It is the intent of the parties that Seller shall be entitled to receive payment for all 1997 [and] 1998 taxes paid by the Seller and/or adjusted for at closing, whenever paid by or collected from tena[nts] but only to the extent actually paid to or collected by Purchaser, and Purchaser will pay to Seller quarterly such tax reimbursements, net of a proportionate share of Purchaser's out of pocket collection costs with respect to same, received from tenants of the Building (whether or not such tenants occupied space in the Building before or after closing) that are due from such tenants for such time periods. In no event shall the Seller, as tenant, pay taxes twice to Purchaser for the same period. (Id.) (emphasis added). Shrier added the last sentence to that provision and, though she cannot recall why she did so, speculated that "since the bank was in occupancy as a tenant prior to . . . the closing, . . . it would not have wanted to have paid as a tenant any share of taxes that accrued before the new lease began." (Defs.' Stmt. Undisputed Facts, Ex. D, Shrier Dep. at 80; Pl.'s Resp. Defs.' Stmt. Uncontested Facts, Ex. II, Shrier Dep. at 86.) There is no evidence, however, that when the Bank owned the building, it leased space to itself, let alone that any such lease passed real estate taxes from itself as owner to itself as tenant. (See id. at 86-88.) The Bank also admits that it paid, without protest, its share of real estate taxes from1998 through 2003 and objected to doing so in January 2004 because an outside auditor said the lease did not require the Bank to pay taxes. (Pl.'s Resp. Defs.' Stmt. Uncontested Facts ¶¶ 54-55; Defs.' Resp. Pl.'s Stmt. Add'l Facts ¶¶ 50, 52.)
In short, the undisputed facts concerning the lease negotiations and closing and the parties' conduct thereafter clearly establish that the parties intended the Bank to be responsible for its pro rata share of taxes under the lease. Accordingly, defendants are entitled to judgment as a matter of law on plaintiff's claims for breach of contract, money wrongfully had and received and declaratory relief with respect to its obligation to pay real estate taxes under the lease and on their counterclaim for reformation. Lima Lake, 561 N.E.2d at 1354; see United City of Yorkville v. Vill. of Sugar Grove, 875 N.E.2d 1183, 1197 (Ill. App. Ct. 2007) (stating that reformation requires proof that the parties had an agreement that, because of a mutual mistake, is different from the one set forth in the document that purports to memorialize it).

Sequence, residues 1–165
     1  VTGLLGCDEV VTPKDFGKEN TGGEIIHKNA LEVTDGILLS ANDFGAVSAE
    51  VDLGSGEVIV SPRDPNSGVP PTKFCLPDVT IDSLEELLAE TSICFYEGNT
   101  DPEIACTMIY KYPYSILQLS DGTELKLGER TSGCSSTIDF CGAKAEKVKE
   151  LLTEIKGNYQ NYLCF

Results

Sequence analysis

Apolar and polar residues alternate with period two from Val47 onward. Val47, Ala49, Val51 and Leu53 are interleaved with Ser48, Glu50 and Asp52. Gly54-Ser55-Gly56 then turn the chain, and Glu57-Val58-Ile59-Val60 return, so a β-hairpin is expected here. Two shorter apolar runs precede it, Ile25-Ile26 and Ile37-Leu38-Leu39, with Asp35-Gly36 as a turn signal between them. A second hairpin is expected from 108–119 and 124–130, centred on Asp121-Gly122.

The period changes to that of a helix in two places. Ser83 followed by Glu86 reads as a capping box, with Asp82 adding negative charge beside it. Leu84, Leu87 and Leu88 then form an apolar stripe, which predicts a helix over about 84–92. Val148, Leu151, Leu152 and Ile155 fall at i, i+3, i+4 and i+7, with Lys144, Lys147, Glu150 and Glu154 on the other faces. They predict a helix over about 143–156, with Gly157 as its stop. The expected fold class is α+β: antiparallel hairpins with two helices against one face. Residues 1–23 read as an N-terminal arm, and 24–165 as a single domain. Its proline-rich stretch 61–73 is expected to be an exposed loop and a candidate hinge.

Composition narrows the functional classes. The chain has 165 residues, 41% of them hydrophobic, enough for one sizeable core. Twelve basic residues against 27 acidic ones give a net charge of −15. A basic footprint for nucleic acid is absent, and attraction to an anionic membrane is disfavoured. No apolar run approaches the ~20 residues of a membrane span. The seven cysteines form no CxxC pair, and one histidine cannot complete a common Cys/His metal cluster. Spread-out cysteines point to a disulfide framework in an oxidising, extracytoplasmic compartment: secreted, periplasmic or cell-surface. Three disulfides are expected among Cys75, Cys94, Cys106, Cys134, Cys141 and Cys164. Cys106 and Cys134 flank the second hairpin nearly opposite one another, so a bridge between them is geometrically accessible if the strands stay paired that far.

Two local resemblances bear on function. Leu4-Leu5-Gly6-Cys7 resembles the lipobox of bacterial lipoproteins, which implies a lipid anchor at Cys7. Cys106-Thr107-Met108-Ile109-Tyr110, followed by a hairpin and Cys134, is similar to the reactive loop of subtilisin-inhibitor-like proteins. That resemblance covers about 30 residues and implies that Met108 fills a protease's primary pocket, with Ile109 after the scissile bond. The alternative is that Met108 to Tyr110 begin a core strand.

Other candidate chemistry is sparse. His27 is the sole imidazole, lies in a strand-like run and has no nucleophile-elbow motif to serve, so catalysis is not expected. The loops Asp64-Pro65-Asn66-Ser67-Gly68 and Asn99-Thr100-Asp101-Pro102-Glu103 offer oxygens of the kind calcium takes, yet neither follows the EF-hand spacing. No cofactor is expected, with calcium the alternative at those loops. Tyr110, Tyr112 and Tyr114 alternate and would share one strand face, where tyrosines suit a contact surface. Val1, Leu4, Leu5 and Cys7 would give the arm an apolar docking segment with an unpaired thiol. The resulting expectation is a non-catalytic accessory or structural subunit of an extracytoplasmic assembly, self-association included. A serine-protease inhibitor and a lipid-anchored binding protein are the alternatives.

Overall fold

Defendants also seek summary judgment on the Bank's claims for breach of the lease's covenant of good faith and fair dealing. That covenant, which is implied in every contract governed by Illinois law, is not "an independent source of [contractual] duties," but a tool for interpreting terms to which the parties expressly agreed. Beraha v. Baxter Health Care Corp., 956 F.2d 1436, 1443 (7th Cir. 1992). Specifically, the covenant implies that any contract term vesting one party with discretion requires the party "to exercise that discretion reasonably and with proper motive, . . . not . . . arbitrarily, capriciously, or in a manner inconsistent with the reasonable expectations of the parties." Id. (quotation omitted). The Bank says the lease gives defendants discretion to calculate the amount of additional charges it owes, which they have abused by charging the Bank for real estate taxes and (1) electricity used to heat and cool the basement, vacant spaces in the building and spaces used by other tenants; (2) promotional activities; and (3) municipal fines assessed against the building ("non-tax expenses").
The Court disagrees. For the reasons discussed above, any claim that defendants violated an express or implied term of the contract by charging the Bank for real estate taxes fails.
The same is true for the Bank's claims that defendants violated the implied covenant of good faith and fair dealing by charging it for non-tax expenses. The lease expressly states that the Bank is liable for "all expenses . . . paid by Landlord . . . in connection with the management, operation, insurance, maintenance and repair of the Building" except those incurred to provide electrical service exclusively to other tenants, expenses that are, or should be, paid by other tenants, and any advertising and promotional costs. (Compl., Ex. 1, Lease § 3A(ii)(b), (m), (s).) Moreover, the lease requires defendants to give the Bank "a statement, accompanied by . . . back-up data" of the expenses for which it is liable, gives the Bank "the right to examine copies and make excerpts from and copies of Landlord's books and records" relative to any expense statement, permits the Bank to contest any statement within a year of its issuance and requires the parties to submit any contested statement to the judgment of a mutually-appointed outside accountant. (Id. § 3B(iv), (v).) Because the lease specifically enumerates the expenses for which defendants can charge and creates a process for resolving the Bank's objections to those charges, any contract claim based on those charges arises from the express provisions of the lease, not the implied covenant of good faith and fair dealing. Thus, defendants are entitled to judgment as a matter of law on the Bank's contract claims for breach of the covenant of good faith and fair dealing.*fn1